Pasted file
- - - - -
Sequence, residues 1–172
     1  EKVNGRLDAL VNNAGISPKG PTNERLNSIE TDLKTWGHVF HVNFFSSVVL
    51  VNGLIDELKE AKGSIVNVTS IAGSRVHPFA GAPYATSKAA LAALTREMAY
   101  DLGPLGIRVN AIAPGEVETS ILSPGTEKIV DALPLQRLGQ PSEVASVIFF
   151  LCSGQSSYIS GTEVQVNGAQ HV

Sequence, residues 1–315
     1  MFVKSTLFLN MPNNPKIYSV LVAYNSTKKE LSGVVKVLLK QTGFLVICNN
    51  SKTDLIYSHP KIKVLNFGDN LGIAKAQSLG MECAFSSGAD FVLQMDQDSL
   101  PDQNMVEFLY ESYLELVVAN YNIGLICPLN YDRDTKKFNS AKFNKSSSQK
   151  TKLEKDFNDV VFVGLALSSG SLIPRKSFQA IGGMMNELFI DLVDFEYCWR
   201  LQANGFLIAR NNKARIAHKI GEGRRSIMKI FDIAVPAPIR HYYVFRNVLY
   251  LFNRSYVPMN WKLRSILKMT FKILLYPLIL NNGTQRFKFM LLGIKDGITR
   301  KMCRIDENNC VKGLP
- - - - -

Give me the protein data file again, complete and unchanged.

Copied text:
Sequence, residues 1–172
     1  EKVNGRLDAL VNNAGISPKG PTNERLNSIE TDLKTWGHVF HVNFFSSVVL
    51  VNGLIDELKE AKGSIVNVTS IAGSRVHPFA GAPYATSKAA LAALTREMAY
   101  DLGPLGIRVN AIAPGEVETS ILSPGTEKIV DALPLQRLGQ PSEVASVIFF
   151  LCSGQSSYIS GTEVQVNGAQ HV

Sequence, residues 1–315
     1  MFVKSTLFLN MPNNPKIYSV LVAYNSTKKE LSGVVKVLLK QTGFLVICNN
    51  SKTDLIYSHP KIKVLNFGDN LGIAKAQSLG MECAFSSGAD FVLQMDQDSL
   101  PDQNMVEFLY ESYLELVVAN YNIGLICPLN YDRDTKKFNS AKFNKSSSQK
   151  TKLEKDFNDV VFVGLALSSG SLIPRKSFQA IGGMMNELFI DLVDFEYCWR
   201  LQANGFLIAR NNKARIAHKI GEGRRSIMKI FDIAVPAPIR HYYVFRNVLY
   251  LFNRSYVPMN WKLRSILKMT FKILLYPLIL NNGTQRFKFM LLGIKDGITR
   301  KMCRIDENNC VKGLP